“No-one acknowledges what is going on, but customers are coming here from miles away just for a chance to have sex with these 14-year-olds,” said Blessed Okoedion, a Nigerian woman who escaped from prostitution and now helps working girls.

We’re not talking Sicily here; we’re only 12 miles south of Naples. And this is not a topic where one would expect religion to be an issue but the author does find a “Sister Rita,” who is an Italian Ursuline nun helping these girls. Then:

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Why is America crazy? That Atlantic cover story has the answer -- it's that old-time religion

Why is America crazy? That Atlantic cover story has the answer -- it's that old-time religion

Yes, I heard you.

There is no question that the think piece for this week was that amazing cover story at The Atlantic that ran with that fascinating double-decker headline that caused several of you to click your mouses, sending me the URL.

Normally, "think pieces" are non-newsy essays that offer information or commentary on a subject that I think will be of interest to religion-beat pros and to faithful consumers of mainstream religion-beat news.

This one is different. Let's start with that headline:

How America Lost Its Mind
The nation’s current post-truth moment is the ultimate expression of mind-sets that have made America exceptional throughout its history

Now, before we move on, please CLICK HERE (this is really important) and look at the illustration that ran at the top this essay by Kurt Andersen, an essay that was adapted from his soon-to-be-released book, Fantasyland: How America Went Haywire -- A 500-Year History. This is, of course, an image of crazy America.

So what do we see? Well, there's bigfoot and a church steeple, Mormons and hippies, Fox News and a burning witch, UFOs and Disneyland. Oh, and several symbols of Donald Trump's base. Wait, I guess that should be several OTHER symbols of Trump's base, because all of that craziness is linked to the rise of The Donald. And that craziness has been around in American since The Beginning.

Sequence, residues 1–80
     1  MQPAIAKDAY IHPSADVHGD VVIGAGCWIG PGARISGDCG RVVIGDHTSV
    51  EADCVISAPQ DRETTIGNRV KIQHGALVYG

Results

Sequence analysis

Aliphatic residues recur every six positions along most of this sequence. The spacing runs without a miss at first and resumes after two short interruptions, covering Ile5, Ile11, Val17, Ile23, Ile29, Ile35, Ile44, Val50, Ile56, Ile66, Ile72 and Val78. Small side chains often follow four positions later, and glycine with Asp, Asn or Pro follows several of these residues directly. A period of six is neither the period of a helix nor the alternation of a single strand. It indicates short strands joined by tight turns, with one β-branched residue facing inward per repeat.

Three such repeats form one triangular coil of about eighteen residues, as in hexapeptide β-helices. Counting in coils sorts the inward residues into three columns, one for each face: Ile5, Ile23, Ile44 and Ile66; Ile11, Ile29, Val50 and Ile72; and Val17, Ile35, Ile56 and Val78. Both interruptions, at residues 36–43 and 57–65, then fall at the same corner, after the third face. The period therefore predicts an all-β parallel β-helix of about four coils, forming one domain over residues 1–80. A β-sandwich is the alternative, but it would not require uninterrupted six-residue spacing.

Now, the question that I heard this week from several readers was this: Is this piece at The Atlantic telling us what American journalists think of the American people and, in particular, Americans who are conservative religious believers? Or, is this just what Andersen thinks and the powers that be at The Atlantic simply ran it on the cover as a way to fire up their base, their core readers (kind of like "War on Christmas" stories at Fox News, only in reverse)?

Now, I would stress that it is never helpful to say that journalists in America are some kind of cultural monolith. That's just wrong.

Trump was clearly out of his mind with populist rage when he said that journalists (or the "news media") are the enemy of the American people That's simplistic. As I said over and over on Twitter, it would be more accurate to say that many, perhaps even a majority, of elite journalists on the left and right coasts are the enemies of about 20-25 percent of the American people.

OK, so what does the piece say?

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Why did People magazine out-report the Associated Press on a cult-related killing?

Why did People magazine out-report the Associated Press on a cult-related killing?

If ever there was a crime for which the word "bizarre" was coined, the recent tragic events in Coolbaugh Township, Pennsylvania would likely be "Exhibit A."

Local police allege Barbara Rogers shot and killed her boyfriend, Steven Mineo, whose body was found on July 15 after Rogers called police to report the shooting. According to police, Rogers claims she shot Mineo at his request, over issues involving a religious cult to which both adults apparently belonged.

The Associated Press picks up the barest essence of the story from there, presenting us with a key journalistic issue:

Rogers told officers Mineo, 32, was having “online issues” with a cult and asked her to kill him, said Lt. Steven Williams, of the Pocono Mountain Regional Police. She said her boyfriend believed the cult’s leader to be a “reptilian” pretending to be a human, according to an affidavit.
Rogers, 42, told police the group centers on “aliens and raptures.” Online postings associated with the cult detail a theory that a group of alien reptiles is subverting the human race through mind control.

I should note that I found the AP story at the website of the Wilkes-Barre, Penna., Times Leader, a newspaper whose offices are a mere 45 minutes away, by car, from the crime scene. (I'll have more to say about that in a moment.) 

American author Mark Twain once declared, “There are only two forces that can carry light to all the corners of the globe… the sun in the heavens and the Associated Press down here.” In reporting this cult case, I believe the AP got a head start on that total eclipse of the sun due in mid-August.